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Diabetes Ther. Dec 2013; 4(2): 461–472.
Published online Nov 27, 2013. doi:  10.1007/s13300-013-0048-5
PMCID: PMC3889322
Effects of Switching from Insulin Glargine or Detemir to Insulin Degludec in Patients with Type 1 Diabetes Mellitus
Yoshiki Kusunoki,corresponding author Tomoyuki Katsuno, Kana Miyakoshi, Takashi Ikawa, Rie Nakae, Fumihiro Ochi, Masaru Tokuda, Takafumi Akagami, Kazuki Murai, Masayuki Miuchi, Tomoya Hamaguchi, Jun-ichiro Miyagawa, and Mitsuyoshi Namba
Division of Diabetes, Endocrinology, and Metabolism, Department of Internal Medicine, Hyogo College of Medicine, Nishinomiya, Hyogo 663-8501 Japan
Innovative Diabetes Treatment, Hyogo College of Medicine, Nishinomiya, Hyogo 663-8501 Japan
Yoshiki Kusunoki, ykusu/at/hyo-med.ac.jp.
corresponding authorCorresponding author.
Received October 1, 2013
Introduction
Insulin degludec is a new, ultra-long-acting basal insulin. The aim of this study was to analyze the changes of basal insulin dose and blood glucose profile in basal–bolus therapy of type 1 diabetes mellitus (T1DM) at the switching of basal insulin from insulin glargine or detemir to insulin degludec.
Methods
Sixteen patients with T1DM were enrolled. The patients underwent continuous glucose monitoring before and after the switching of insulin glargine or detemir to degludec. Ten patients treated with insulin glargine or detemir twice daily, were switched to insulin degludec with 80–90% of the prior insulin dose. The remaining six patients treated with insulin glargine once daily, were switched to insulin degludec without down titration. The changes of daily insulin dose and glycated hemoglobin (HbA1c) were also examined for 12 weeks after switching to insulin degludec.
Results
In the patients switched from twice-daily basal insulin, no significant difference was found between before and after switching in the blood glucose profile. In the once-daily group, blood glucose levels showed a tendency to decrease after switching to the degludec treatment. During the study period, total daily insulin dose (TDD) and total daily basal insulin dose (TBD) decreased significantly in the twice-daily group, and TDD and TBD showed a tendency to decrease after switching to degludec in the once-daily group. In both groups, the changes of HbA1c were not significantly different.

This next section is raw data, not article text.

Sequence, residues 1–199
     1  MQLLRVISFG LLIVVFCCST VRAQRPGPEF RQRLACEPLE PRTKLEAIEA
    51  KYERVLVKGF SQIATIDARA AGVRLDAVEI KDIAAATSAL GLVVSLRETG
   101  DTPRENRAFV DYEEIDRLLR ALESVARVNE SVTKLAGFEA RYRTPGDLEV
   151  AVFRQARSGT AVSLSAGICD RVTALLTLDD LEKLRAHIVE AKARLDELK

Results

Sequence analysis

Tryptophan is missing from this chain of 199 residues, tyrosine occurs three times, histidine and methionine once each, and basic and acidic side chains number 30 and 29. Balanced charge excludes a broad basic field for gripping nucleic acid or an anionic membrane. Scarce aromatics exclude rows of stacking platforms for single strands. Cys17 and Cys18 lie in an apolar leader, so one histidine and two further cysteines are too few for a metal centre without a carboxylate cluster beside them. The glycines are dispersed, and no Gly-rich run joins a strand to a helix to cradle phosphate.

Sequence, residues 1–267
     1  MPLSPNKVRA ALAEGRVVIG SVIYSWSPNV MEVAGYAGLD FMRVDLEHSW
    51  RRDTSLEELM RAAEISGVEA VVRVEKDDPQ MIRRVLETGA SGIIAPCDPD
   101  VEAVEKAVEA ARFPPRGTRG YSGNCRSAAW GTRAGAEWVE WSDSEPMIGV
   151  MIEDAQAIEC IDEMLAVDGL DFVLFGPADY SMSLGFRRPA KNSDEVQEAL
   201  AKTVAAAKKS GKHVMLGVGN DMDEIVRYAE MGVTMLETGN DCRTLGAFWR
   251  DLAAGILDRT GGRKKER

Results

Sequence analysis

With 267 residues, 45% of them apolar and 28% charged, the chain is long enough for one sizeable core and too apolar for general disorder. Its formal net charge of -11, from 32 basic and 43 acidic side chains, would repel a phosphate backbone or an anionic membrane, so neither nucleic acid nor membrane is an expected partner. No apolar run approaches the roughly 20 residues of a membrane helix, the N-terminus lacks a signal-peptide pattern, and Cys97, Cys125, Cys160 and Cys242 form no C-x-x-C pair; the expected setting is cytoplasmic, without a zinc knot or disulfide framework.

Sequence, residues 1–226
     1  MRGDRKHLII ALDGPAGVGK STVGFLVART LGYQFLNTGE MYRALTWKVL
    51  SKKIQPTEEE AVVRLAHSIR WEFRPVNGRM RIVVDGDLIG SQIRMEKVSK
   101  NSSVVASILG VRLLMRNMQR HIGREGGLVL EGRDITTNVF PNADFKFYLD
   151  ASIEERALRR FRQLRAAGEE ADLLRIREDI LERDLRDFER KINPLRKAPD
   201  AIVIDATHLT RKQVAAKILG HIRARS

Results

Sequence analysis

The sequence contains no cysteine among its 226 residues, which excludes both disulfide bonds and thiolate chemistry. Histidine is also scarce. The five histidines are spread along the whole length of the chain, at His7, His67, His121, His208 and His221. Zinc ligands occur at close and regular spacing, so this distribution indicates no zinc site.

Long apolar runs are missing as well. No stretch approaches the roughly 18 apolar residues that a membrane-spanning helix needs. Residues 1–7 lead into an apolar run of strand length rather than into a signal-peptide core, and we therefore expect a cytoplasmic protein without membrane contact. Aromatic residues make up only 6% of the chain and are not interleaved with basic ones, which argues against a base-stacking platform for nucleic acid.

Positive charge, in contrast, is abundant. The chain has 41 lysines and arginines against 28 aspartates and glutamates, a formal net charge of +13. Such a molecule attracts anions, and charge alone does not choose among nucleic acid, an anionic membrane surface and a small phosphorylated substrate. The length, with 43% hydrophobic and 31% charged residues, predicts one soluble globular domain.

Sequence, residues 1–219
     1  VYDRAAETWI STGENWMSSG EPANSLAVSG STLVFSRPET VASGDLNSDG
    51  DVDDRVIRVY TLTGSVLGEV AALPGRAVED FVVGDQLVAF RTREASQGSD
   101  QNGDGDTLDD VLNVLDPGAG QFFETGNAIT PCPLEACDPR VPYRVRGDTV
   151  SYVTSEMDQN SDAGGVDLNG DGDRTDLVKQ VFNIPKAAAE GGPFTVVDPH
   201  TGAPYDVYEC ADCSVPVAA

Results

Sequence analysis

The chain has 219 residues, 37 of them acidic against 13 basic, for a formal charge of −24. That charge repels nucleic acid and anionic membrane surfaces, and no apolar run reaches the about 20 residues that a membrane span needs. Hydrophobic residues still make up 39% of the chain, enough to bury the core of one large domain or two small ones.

Conclusion
It is possible to achieve similar glycemic control with once-daily injection and lower doses of insulin degludec in patients with T1DM who have been treated with insulin glargine or detemir.
Keywords: Basal–bolus insulin therapy, Continuous glucose monitoring, Hypoglycemia, Type 1 diabetes mellitus, Insulin degludec, Insulin glargine or detemir
The cornerstone of the treatment of type 1 diabetes mellitus (T1DM), which is characterized by absolute deficiency of insulin secretion, is basal–bolus insulin therapy [1]. Physiological insulin secretion from the pancreas consists of two components, which are rapid release of insulin in response to food intake and basal secretion that plays a role in regulating hepatic glucose release while in fasting mode at night and between meals [2]. Patients with T1DM often require multiple daily injection (MDI) therapy using rapid-acting or ultra-rapid-acting insulin for additional supplementation and a basal dose of intermediate-acting or long-acting insulin [2]. In patients with T1DM, MDI therapy aimed at achieving strict glycemic control was shown to be effective for preventing the progression of microvascular disease by the Diabetes Control and Complications Trial [3].